If a very contentious, high-profile, polarizing issue comes to the floor of the Senate, she has a choice: (1) vote with the left, and kill her chances for re-election; or (2) vote with the right, and prompt a primary challenge, where she would be forced to the left and kill her chances for re-election.  

        If this very contentious, polarizing issue were going to become law with that Senate vote, it might be worth it to Democrats to sacrifice Landrieu, and others like her, in the interest of getting that bill signed into law by the President.  But it doesn't make a whole lot of sense to force here into a vote that, for her, is a lose-lose proposition if the vote is ultimately meaningless because the legislation won't get past the Republican House.  If the Democrats controlled the House, it would be different.  

        That's why Democratic Senators in red states who have to run in 2014 might not support filibuster reform.  

    •  It absolutely does matter. (2+ / 0-)
      Recommended by:
      KayCeSF, Albanius

      Obama can't get his judicial and other nominations through the Senate right now. There is a judicial vacancy crisis and the GOP Senators don't care.

      President Obama at Madison Rally 9/28/2010 - "Change is not a spectator sport."

      by askew on Tue Jan 22, 2013 at 10:02:49 AM PST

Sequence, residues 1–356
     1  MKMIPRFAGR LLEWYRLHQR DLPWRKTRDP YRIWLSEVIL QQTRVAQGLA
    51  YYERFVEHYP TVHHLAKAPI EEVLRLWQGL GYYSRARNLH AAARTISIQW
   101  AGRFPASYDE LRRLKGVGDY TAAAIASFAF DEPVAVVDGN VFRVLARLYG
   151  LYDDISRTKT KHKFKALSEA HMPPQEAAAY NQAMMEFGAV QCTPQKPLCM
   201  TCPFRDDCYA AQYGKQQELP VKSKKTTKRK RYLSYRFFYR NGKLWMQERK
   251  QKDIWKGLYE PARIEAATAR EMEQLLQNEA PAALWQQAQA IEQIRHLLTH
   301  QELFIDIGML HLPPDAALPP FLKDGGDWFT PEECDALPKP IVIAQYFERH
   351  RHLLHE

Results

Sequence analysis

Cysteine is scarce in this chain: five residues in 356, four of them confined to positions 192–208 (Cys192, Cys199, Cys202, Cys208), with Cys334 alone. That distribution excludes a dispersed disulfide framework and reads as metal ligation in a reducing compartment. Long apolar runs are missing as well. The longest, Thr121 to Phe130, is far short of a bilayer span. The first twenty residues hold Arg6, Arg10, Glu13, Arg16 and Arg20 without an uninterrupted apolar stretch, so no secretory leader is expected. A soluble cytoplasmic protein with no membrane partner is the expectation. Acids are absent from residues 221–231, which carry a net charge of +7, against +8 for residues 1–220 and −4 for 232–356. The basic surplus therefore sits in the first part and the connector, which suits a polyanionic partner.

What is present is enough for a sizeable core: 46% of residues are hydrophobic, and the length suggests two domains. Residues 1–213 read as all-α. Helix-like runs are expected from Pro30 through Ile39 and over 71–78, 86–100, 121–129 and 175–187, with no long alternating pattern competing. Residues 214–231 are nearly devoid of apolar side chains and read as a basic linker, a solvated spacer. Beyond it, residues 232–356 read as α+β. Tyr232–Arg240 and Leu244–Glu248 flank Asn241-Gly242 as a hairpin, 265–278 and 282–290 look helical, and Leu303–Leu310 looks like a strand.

[ Parent ]

    •  You'll have to dig really deep into history (1+ / 0-)
      Recommended by:
      ferg

      to find me a sitting Senator who lost an election because of a vote on Senate rules.

    •  Nice Political Decision (0+ / 0-)

      But I thought our representatives were supposed to be looking out for the country.  A minority of the Senate has been holding up almost all business of government over the last 3 years.  That's not good for the country and that's why we need to get this done.  A very smart mentor once told me:

      "The best politics is to do the right thing."
      Natalie Meyer, former Colorado Secretary of State

      She was right when she said this to me 30 years ago and she's right today.  

      Your calculations and political talk ignore the right thing for the country, and frankly, that's exactly the problem we have in Washington today.  So my advice to you.  Think about why you care about politics and what you think it should really be, then apologize for your totally ridiculous post above.